Rituximab (Rituxan) is a chimeric monoclonal antibody that targets the CD20 anti-gen on normal and malignant non-Hodgkin’s lymphoma (NHL) cells. It has been shown to produce immediate, severe, and specific B-cell depletion in peripheral blood as well as in lymph nodes, bone marrow, and extranodal lesions. Stem cells, pre-pre B cells, plasma cells, and dendritic cells are not affected. B cells in peripheral blood are generally undetectable for about 6 months, when recovery begins. The B-cell count enters the normal range in about 9 months. B-cell depletion has not been associated with an increase in infections. It has been speculated that rituximab(Drug information on rituximab) responders may relapse around the time of B-cell recovery, and that this recovery could be a surrogate marker for relapse.
We have analyzed the database of our 166 patients in a phase III study to determine the correlation between peripheral blood B-cell recovery (fluorescence-activated cell sorting [FACS] assay for CD19-positive cells) and change in tumor bulk (sum of the products of the perpendicular diameters of all measurable lesions [SPD]), bcl-2 clearance (polymerase chain reaction [PCR] assay), and rituximab serum levels. In this study, patients with relapsed or refractory low-grade or follicular NHL received single-agent rituximab at 375 mg/m2 every week ´ 4. The response rate was 48% and the median progression-free survival was 13.2 months.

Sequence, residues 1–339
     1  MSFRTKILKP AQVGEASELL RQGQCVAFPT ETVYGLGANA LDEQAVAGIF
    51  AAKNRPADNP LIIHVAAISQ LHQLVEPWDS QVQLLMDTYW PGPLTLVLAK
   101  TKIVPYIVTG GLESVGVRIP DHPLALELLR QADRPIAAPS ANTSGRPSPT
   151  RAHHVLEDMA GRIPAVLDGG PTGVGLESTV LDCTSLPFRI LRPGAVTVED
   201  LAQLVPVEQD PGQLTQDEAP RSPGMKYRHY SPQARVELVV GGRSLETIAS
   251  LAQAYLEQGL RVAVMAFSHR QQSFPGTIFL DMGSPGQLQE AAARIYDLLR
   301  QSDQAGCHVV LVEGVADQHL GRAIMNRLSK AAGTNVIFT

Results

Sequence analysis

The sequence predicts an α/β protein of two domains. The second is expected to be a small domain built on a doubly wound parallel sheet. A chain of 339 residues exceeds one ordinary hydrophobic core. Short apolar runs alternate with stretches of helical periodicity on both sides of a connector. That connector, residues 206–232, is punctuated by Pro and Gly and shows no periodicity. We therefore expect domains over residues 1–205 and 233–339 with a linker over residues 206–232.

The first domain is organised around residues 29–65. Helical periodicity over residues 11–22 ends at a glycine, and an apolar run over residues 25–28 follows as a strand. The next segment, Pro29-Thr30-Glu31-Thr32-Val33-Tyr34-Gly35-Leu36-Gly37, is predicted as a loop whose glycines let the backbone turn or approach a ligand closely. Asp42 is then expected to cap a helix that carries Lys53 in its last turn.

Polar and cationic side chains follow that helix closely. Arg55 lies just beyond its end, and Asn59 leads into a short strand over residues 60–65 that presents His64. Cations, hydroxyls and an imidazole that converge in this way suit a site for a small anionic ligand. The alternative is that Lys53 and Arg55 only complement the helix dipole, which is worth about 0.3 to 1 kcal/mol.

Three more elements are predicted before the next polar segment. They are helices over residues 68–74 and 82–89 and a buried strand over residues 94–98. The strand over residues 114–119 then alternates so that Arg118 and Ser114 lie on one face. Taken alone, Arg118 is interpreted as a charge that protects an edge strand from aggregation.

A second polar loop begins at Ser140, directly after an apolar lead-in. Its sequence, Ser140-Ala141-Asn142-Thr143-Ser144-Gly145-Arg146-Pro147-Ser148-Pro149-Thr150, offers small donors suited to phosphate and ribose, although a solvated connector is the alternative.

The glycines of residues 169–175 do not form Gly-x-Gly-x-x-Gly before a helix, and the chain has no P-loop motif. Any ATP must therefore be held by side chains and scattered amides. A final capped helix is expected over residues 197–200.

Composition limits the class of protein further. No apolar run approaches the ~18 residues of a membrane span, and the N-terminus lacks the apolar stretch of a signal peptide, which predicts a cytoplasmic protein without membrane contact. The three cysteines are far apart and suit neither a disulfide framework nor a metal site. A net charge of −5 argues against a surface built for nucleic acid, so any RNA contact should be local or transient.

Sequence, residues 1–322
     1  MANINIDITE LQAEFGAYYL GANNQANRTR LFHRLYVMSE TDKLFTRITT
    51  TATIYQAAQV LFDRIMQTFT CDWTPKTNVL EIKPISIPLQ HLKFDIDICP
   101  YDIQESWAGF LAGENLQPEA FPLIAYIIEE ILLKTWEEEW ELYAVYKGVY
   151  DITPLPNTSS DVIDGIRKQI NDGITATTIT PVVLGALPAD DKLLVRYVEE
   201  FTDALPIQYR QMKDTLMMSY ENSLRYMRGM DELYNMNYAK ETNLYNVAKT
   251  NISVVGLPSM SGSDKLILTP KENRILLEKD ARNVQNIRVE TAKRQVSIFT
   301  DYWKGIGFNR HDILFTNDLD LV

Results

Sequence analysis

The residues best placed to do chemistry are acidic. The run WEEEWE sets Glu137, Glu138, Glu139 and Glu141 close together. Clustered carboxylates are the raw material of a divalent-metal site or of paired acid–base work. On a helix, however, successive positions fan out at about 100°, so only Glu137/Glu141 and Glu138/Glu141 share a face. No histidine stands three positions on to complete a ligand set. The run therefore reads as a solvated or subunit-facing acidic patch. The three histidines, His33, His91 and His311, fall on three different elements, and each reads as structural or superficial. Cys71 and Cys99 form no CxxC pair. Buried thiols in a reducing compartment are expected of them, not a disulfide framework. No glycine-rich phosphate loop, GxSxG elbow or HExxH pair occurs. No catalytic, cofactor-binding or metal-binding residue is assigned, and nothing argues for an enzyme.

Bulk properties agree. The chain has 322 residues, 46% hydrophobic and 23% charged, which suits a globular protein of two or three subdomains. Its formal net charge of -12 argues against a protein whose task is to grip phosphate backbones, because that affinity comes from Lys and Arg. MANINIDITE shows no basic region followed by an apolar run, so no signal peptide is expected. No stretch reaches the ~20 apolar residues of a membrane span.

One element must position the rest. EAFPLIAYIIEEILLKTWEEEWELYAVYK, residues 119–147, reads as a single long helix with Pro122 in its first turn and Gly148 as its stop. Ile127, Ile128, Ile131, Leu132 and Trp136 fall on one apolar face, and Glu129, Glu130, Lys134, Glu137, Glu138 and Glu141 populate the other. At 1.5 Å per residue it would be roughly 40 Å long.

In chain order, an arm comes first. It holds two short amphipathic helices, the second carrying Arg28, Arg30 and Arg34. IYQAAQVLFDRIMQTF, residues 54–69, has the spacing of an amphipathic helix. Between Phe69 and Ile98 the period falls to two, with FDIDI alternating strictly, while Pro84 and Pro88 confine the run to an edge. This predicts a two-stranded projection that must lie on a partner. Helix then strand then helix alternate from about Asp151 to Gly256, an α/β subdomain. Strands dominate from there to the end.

The SPD initially drops in parallel with the CD19-positive cell count, and the median SPD for responders continues to drop beyond 6 and up until 12 months, despite the increasing number of normal peripheral blood B cells. This is true for all responders (n = 76) and for a selected cohort with FACS and SPD data up until 12 months (n = 28). Baseline bcl-2-positive patients exhibit a similar pattern (SPD vs CD19-positive) regardless of bcl-2 status. No apparent correlation between B-cell recovery and molecular relapse was noted.
Immediately following the first infusion, the CD19-positive cell count falls and the rituximab concentration-time curve rises as accumulation of the antibody occurs up to the fourth infusion. Then, serum levels drop and are negligible after 6 months when the CD19-positive cell count starts to rise. The SPD, however, continues to fall up until 12 months. In this clinical trial, we have also observed that some patients relapse while still B-cell-depleted, whereas others have prolonged remissions (4 or more years) long after their peripheral blood B-cell recovery has occurred.
CONCLUSION: We conclude that there is no correlation between B-cell recovery and SPD, bcl-2, or serum levels that would indicate that it could be a surrogate marker for relapse. It is more likely that normal B cells are recovering from the stem cell pool and that the NHL cells are following a different, and certainly not parallel, course.